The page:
The Fixed Period is a satirical dystopian novel by Anthony Trollope.
Gabriel Crasweller, a successful merchant-farmer and landowner, is Britannula's oldest citizen. Born in 1913, he emigrated from New Zealand when he was a young man and was instrumental in building the new republic as one of a group of similar-minded men which included his best friend John Neverbend, ten years his junior, who is now serving his term as President of Britannula. Whereas decades ago Crasweller also voted in favour of the law which introduced the "Fixed Period", he gradually becomes more pensive as the day of his deposition is approaching. Neverbend has long been planning that day and envisaging it as a day of triumph, believing that mankind and civilisation will move an enormous step forward towards perfection. As the originator of the idea, Neverbend also hopes that his name will go down in the annals of history as one of the great reformers. He considers it unfortunate that his friend Crasweller, as the first one to go, does not show any of the signs of old age for which "the Law" was made in the first place: Crasweller is healthy and vigorous, his mental abilities have not started to deteriorate in any way, and accordingly he is more than capable of managing his own affairs and of earning his living.
When all of a sudden Crasweller starts lying about his age and claiming that he was in fact born a year later, Neverbend realises that measures must be taken to ensure the smooth execution of the Law. However, he soon finds out that it has dawned on other elderly citizens as well what the state has in store for them, and that various individuals have come up with all kinds of excuses and plans as to how they are going to oppose their deposition and, eventually, departure. He finds a supporter in Abraham Grundle, one of the young Senators, but is shocked when he realises that Grundle, who is engaged to Crasweller's daughter Eva, only wants to inherit his friend's fortune as soon as possible. But despite this setback, and although both his own son Jack and his wife Sarah turn against him, Neverbend, who has long since passed the point of no return, considers it his duty as President and law-abiding citizen to have Crasweller deposited.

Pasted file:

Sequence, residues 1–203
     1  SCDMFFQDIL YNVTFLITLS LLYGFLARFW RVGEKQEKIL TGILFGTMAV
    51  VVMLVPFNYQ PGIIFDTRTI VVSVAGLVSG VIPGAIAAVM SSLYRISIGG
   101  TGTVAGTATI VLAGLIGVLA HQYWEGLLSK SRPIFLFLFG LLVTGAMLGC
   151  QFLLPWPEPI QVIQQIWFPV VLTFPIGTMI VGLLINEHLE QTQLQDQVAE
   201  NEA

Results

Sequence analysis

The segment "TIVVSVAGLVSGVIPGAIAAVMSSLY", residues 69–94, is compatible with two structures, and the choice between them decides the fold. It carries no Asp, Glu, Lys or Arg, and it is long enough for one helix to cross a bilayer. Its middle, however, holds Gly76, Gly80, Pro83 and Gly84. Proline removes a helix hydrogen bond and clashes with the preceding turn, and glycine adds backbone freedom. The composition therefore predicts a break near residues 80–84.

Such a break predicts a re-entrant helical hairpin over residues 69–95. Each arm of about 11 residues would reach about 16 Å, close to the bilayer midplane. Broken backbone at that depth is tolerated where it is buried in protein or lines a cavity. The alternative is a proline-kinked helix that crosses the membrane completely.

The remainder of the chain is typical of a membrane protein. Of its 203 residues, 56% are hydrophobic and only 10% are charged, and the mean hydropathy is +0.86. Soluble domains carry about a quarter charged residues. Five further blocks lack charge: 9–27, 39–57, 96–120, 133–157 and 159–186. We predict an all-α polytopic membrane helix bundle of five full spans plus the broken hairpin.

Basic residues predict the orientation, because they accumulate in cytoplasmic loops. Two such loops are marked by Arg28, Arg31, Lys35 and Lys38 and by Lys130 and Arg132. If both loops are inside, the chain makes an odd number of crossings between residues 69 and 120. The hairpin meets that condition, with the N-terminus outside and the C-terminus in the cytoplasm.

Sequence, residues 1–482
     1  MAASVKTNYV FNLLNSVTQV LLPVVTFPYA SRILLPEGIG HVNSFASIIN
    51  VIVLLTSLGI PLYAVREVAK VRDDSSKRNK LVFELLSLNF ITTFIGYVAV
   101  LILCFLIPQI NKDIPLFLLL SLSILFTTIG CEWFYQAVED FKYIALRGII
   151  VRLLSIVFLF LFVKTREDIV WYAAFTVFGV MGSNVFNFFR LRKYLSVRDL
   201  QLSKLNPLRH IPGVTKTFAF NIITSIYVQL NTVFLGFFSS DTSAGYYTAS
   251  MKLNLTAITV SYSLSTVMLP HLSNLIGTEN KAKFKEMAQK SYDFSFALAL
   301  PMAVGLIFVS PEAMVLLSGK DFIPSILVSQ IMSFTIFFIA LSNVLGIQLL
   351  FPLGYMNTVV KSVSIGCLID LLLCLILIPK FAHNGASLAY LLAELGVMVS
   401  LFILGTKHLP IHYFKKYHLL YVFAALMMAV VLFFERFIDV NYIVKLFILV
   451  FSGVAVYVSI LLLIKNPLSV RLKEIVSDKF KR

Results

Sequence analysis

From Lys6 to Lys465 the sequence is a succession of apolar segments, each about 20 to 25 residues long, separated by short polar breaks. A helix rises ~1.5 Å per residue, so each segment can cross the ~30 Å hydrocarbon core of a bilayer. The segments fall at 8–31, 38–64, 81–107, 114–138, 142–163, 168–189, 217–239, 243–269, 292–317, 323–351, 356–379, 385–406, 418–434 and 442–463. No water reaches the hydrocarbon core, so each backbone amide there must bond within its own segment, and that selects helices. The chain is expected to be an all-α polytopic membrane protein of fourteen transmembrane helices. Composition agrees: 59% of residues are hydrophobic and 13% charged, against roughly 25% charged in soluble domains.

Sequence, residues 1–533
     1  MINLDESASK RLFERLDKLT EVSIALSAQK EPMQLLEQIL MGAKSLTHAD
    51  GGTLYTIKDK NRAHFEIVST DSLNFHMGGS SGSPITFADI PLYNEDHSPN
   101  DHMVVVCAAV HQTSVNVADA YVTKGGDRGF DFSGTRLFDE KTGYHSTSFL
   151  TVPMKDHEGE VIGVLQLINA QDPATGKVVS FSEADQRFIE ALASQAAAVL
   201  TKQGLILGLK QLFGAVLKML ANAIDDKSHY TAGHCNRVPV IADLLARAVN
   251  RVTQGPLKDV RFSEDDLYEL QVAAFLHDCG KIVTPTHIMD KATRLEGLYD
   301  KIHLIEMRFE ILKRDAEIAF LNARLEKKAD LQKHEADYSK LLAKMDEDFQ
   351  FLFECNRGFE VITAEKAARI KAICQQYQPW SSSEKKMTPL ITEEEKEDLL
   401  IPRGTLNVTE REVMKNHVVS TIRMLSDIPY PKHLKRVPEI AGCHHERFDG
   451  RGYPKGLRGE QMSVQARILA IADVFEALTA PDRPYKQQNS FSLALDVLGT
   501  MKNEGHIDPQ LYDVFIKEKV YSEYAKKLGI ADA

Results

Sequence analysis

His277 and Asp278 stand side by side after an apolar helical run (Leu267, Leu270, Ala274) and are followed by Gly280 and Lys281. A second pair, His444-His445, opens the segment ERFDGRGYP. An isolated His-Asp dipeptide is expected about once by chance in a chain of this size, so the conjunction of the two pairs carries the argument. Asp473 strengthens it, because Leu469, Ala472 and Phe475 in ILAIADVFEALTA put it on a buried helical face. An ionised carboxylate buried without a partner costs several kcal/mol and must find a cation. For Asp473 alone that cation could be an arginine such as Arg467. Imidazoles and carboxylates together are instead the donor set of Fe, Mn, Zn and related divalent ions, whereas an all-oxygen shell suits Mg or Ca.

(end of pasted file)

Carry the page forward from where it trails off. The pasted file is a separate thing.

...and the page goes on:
As a man of honour, Crasweller finally yields to Neverbend's arguments and stoically accepts his fate. However, on the very day of his deposition the carriage that is to transport the two men to the College is held up in the streets of Gladstonopolis by British armed forces. They have arrived on a warship of enormous dimensions and, by threatening to destroy the whole city with their "250-lb swivel gun", compel Neverbend to release Crasweller and eventually to step down as President. Britannula is re-annexed by Great Britain, a Governor is installed, and John Neverbend is forced to return to England with them.
During the passage Neverbend commits to paper the recent history of Britannula, finishing it only two days before his arrival in England. He plans to write another, more theoretical book on the "Fixed Period" and to preach to the English about this necessary step in the progress of mankind. However, he realises that he does not really know whether he will be treated with respect in the old country, or whether he will ever be able to return to Britannula. (Source: Wikipedia)